Way back in the mists of time before even God was a twinkle in his own eye, I used to love pottering around The Workshop.
The Workshop was a little lean-too that my father built on the back of our abode of the time. It wasn’t very big, consisting mainly of a shed with a long bench and racks of tools. My dad was a dab hand at the carpentry and used to knock up the odd piece of furniture. I loved watching him cutting and planing and then the tricky process of heating the glue in a special glue-pot. Often I would try my hand at a spot of cutting, shaving or drilling. The Workshop was a great play area.
Sadly, little remains of his efforts. I still have a couple of his smaller pieces but sadly had to part with a lot of the larger bits of furniture into various skips over time. The one thing I did manage to hold on to was a selection of his tools, which have been put to very good use over the years. I think I even still have the old glue-pot and certainly have the old Primus [used for heating the glue-pot] and the blow-lamp.
Sadly my days of DIY are becoming fewer. It’s easier to get an expert to do the job, and a lot less tiring.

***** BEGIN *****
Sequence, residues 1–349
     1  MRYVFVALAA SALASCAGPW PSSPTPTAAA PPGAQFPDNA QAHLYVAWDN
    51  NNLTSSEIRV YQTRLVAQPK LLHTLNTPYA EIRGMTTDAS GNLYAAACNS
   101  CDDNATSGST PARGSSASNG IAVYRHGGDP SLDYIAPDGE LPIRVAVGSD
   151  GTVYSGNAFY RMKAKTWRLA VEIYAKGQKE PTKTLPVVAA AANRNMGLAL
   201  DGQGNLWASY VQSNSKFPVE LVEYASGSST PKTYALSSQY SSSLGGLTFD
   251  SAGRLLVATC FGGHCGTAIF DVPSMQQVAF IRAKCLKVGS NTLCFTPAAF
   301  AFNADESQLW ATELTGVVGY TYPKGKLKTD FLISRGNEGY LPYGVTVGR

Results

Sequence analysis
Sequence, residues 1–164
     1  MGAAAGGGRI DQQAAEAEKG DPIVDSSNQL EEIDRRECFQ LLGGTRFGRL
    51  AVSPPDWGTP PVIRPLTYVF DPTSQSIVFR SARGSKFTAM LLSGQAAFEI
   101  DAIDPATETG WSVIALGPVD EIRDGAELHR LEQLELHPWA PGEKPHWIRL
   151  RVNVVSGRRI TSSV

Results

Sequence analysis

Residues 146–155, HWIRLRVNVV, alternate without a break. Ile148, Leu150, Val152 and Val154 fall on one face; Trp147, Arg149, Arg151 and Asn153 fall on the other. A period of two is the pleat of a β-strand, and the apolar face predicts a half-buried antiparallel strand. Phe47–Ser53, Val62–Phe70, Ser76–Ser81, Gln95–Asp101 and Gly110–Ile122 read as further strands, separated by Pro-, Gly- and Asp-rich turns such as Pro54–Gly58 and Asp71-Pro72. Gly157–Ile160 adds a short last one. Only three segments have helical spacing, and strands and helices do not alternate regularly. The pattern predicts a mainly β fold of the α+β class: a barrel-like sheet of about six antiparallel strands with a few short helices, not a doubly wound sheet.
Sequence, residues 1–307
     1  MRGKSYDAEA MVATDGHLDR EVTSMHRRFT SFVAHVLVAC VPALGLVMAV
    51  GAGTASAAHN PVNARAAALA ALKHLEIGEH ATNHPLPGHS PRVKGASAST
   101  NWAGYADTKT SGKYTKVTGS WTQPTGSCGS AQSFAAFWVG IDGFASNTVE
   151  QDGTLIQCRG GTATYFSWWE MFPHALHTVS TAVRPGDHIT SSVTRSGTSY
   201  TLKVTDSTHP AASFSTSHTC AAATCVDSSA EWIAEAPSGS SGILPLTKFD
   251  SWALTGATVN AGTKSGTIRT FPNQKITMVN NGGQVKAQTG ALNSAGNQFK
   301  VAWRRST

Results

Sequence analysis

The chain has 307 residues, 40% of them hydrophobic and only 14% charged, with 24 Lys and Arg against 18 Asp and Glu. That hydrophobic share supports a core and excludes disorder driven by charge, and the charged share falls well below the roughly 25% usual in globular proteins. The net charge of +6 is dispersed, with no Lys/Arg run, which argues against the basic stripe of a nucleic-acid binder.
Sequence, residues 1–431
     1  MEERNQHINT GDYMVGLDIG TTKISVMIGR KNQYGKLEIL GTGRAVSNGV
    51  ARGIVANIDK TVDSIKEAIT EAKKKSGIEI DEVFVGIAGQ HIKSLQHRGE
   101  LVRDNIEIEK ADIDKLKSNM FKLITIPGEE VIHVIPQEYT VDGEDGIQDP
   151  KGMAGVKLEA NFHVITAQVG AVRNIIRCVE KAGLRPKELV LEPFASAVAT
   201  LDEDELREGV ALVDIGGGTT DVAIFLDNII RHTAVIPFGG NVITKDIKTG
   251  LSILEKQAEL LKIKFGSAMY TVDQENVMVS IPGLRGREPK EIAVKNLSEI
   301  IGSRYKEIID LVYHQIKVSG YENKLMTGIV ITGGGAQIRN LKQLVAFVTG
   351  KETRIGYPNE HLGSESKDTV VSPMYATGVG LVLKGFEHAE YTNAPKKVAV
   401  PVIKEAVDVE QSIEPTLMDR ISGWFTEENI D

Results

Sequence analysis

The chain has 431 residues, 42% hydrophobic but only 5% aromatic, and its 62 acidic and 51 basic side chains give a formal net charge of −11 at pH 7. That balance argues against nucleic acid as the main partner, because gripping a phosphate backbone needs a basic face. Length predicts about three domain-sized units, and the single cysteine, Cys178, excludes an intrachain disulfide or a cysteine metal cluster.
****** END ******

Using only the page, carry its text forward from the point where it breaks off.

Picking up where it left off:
I got an expert to knock through an extra door when I was revamping the Back Room. He did a brilliant job. The trouble is that he did too brilliant a job – he inserted the door precisely into the frame with no free space around the edge whatsoever.
Over the last few weeks the door has been becoming harder and harder to open or close as it just jammed in the frame. I can only assume that the timber is breathing or expanding slightly in the humidity. There was no room for error and the error is now there in an abundance.
It was the top of the door that was rubbing off the lintel so I dug out the good old trusty plane. It was old when I was a child which means it must be close on eighty years of age. It still has a razor sharp blade and no motor to jam or batteries to expire – a good old-fashioned hand tool. I whacked it across the top of the door and the latter now closes smoothly.
You can’t beat the old ways.